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Deep Sea Fishing - Trip on the Kenyan Coast 1.0.1

The Kenyan Coast is a well-known destination for deep sea game fishing that challenges the most experienced anglers but can be a great experience to satisfy beginners who want a high-energy beach vacation on the Indian Ocean.

First, you need to book your trip by contacting one of the many local charter companies who offer deep sea fishing, according to your holiday's destination. Deep sea fishing tours are usually offered as a four, six- and eight-hours excursion. Most of the charters are already equipped with everything you need as an angler. This includes life jackets, rods, reels, bait, lures, fishing licenses etc.

On the Kenyan Coast, the most common fishing method is trolling, which consists of dragging the line on the surface of the ocean. This method of fishing attracts all kinds of fish from King Fish, Dorado to Marlin Other methods include jigging, casting and live baiting. Depending on your previous experiences and preferences you could always ask the fishing companies on what they can offer and what's best for the season to maximise your chance on hooking a fish.


Whether you are alone, with your family or group of friends? Everything is possible, ask the fishing establishments for availability, confirm the booking (they usually ask for at least a deposit) and they will organise the rest for you. Once you are happy with your choice, make sure you are awake bright and early on D day!!


D-day: Early morning for sure but the view of the sunrise on the ocean is stunning. Make sure you are well equipped to protect yourself from the sun. On a side note try not to be hung over and if you are sea sick, there are over the counter tablets that can help you out. The company usually provide soft drink on board. If you have planned for a full day trip (or if you are hungry after few hours), you should have arranged for a lunch box. Most of the companies can do it for you, they just need to know beforehand!


Tight lines!

It is time to go on the boat, meet the crew and enjoy. Beginners are taught the fundamentals of fishing in the Indian Ocean. The crew are setting up the boat, moving fast around you, going back and forth in the boat and coming back with colourful lures, rods, rigging bait and having a good chat on knowing their clients.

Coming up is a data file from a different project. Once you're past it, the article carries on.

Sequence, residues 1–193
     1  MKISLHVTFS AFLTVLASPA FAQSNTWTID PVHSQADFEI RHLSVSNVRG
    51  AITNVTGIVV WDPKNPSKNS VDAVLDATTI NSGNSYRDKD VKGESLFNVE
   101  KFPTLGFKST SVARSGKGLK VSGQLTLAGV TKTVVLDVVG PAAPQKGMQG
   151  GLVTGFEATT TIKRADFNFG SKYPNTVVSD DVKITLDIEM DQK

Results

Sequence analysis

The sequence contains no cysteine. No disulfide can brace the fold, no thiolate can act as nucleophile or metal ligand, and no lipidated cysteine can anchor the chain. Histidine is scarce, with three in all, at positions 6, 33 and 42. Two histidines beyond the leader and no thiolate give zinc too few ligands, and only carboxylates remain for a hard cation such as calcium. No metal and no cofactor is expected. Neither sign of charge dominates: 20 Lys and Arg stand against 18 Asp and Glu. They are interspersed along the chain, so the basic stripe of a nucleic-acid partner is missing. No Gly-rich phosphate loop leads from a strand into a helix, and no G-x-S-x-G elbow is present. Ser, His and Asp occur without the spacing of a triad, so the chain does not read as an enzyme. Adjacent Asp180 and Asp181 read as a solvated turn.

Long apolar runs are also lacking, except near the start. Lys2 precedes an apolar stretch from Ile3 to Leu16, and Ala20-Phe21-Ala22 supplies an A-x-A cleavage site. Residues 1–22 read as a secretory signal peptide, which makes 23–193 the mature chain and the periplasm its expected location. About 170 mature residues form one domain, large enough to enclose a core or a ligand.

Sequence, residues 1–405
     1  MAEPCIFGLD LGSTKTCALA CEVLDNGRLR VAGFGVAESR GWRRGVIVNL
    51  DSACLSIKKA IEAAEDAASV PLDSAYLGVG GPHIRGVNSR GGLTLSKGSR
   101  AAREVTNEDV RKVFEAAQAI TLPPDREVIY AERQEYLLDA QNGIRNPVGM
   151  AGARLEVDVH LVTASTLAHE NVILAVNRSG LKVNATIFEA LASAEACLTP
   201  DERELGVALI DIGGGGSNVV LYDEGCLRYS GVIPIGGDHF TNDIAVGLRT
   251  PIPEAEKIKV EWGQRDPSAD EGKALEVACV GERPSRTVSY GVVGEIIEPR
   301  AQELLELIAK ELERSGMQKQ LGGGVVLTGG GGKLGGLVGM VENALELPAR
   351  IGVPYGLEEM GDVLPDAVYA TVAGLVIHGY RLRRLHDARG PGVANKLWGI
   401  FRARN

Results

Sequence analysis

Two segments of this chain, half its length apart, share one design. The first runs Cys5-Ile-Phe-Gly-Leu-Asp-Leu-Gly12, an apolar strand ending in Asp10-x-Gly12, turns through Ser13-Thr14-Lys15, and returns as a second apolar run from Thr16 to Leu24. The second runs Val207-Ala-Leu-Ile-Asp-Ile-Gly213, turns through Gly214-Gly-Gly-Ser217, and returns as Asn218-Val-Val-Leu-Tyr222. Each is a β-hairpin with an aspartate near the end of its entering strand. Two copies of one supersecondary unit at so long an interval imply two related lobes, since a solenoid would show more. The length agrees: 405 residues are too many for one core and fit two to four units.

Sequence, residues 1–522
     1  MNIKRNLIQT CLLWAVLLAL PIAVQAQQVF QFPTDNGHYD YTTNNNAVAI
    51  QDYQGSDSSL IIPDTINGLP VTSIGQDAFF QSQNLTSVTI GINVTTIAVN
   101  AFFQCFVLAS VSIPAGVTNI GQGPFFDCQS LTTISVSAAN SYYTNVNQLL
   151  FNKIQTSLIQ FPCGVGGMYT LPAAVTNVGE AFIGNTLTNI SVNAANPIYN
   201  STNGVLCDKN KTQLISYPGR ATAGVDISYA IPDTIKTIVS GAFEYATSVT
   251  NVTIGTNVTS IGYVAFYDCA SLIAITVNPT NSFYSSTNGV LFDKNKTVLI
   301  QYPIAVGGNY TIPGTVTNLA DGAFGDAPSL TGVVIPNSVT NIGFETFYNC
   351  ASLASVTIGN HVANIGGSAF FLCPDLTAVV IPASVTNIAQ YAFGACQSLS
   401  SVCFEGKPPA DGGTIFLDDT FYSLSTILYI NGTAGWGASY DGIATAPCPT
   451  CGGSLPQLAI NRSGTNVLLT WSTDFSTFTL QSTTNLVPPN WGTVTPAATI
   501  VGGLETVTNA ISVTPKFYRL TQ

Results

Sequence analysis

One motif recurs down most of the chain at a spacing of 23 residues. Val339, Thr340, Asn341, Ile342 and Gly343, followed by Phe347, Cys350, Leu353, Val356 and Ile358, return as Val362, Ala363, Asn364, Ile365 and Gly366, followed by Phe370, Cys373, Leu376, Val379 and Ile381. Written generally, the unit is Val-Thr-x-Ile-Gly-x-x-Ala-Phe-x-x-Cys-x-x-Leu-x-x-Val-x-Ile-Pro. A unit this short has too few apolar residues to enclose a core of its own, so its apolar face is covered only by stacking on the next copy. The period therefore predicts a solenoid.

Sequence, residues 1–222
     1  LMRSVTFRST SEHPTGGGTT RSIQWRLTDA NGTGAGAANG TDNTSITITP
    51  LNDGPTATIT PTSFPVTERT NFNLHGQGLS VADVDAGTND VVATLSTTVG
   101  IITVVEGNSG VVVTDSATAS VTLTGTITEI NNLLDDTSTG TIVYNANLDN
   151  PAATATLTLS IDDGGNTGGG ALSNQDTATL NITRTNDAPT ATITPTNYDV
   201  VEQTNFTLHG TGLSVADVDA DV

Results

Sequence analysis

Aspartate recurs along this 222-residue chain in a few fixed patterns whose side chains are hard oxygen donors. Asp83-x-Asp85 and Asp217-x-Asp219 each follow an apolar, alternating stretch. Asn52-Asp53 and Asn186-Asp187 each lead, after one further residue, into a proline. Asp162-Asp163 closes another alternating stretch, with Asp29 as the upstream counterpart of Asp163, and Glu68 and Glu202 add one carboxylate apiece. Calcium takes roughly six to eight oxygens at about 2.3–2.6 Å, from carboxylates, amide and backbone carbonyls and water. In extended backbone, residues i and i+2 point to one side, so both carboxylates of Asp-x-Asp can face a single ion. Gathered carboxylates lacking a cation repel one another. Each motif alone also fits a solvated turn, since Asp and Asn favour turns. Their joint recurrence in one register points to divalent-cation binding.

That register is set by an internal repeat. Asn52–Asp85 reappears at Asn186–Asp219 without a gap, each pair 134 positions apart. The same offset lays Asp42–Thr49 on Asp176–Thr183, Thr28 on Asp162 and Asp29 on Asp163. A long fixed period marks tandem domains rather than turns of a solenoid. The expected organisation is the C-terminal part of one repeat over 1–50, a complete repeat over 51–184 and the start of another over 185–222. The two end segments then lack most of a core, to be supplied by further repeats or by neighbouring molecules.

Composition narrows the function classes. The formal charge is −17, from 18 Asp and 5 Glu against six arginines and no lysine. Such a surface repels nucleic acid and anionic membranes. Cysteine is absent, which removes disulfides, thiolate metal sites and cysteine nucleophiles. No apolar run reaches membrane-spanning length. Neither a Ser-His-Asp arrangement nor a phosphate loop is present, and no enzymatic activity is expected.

After a short time in shore, the captain is heading now to the “mlango”, the only place where the reef allows us to go offshore. (Not all areas of the coast have his) Going at a speed of 6 to 8 knots, you are now going out into the deep sea! Whilst you are not fishing or waiting for a strike watch the water for migrating whale shark, humpback whale and schools of dolphins. The crew would point them out for you and also tell you about certain landmarks and fishing spots along the way.

No matter when you visit, you always have a chance to catch dorado, kingfish, barracuda. In February and March, black and blue marlins are caught in blue waters closer to seashore, and at the end of September and early October till December is when the sailfish, known as “suli suli” by the locals, are most abundant. Hooking one of these fish is the most difficult part of the experience, but once you do, the great sailfish jumps into the air, giving you quite a show while you reel it to the boat. From December through March, the iconic marlins are in the area and a great trophy fish.


After some silence and sound of the boat sailing through the ocean. Pzzzzzzzzzzzzzzzzz!!!!!, the sound of a strike the reel screams into action and the rod bends to a mysterious force pulling away the lure far away from the boat. Congratulations!! The fish is hooked. The crew jumps into action and takes control of the rod, they will ask you to sit on the fighting chair, hold the rod and start reeling with up and down movements. Sitting in the fighting chair is an exhilarating experience and may last for 10 minutes to hours of a fight depending on the size and type of fish.


You must know the fishing law regulations, what to catch and not to catch. Fishing for billfish and shark on the Kenyan coast follows a tag and release program, and the Kenyan coast is the centrepiece of many conservation organizations, with the largest being Kenya Association of Sea Anglers, International Game Fish Association and African Billfish Foundation.


After your hours out at sea, it's time to go back to the mainland. Hopefully, you are coming back with a boat full of fish, take pictures and put it in your records. if not, we are sure that you still enjoyed your trip, not without a small frustration feeling which will bring you back for more. Game fishing does not guarantee a catch, the same way a Safari in the National parks does not guarantee a siting of Lions, Leopards etc. However, the experience is out of this world and what a way to be in touch with mother nature.





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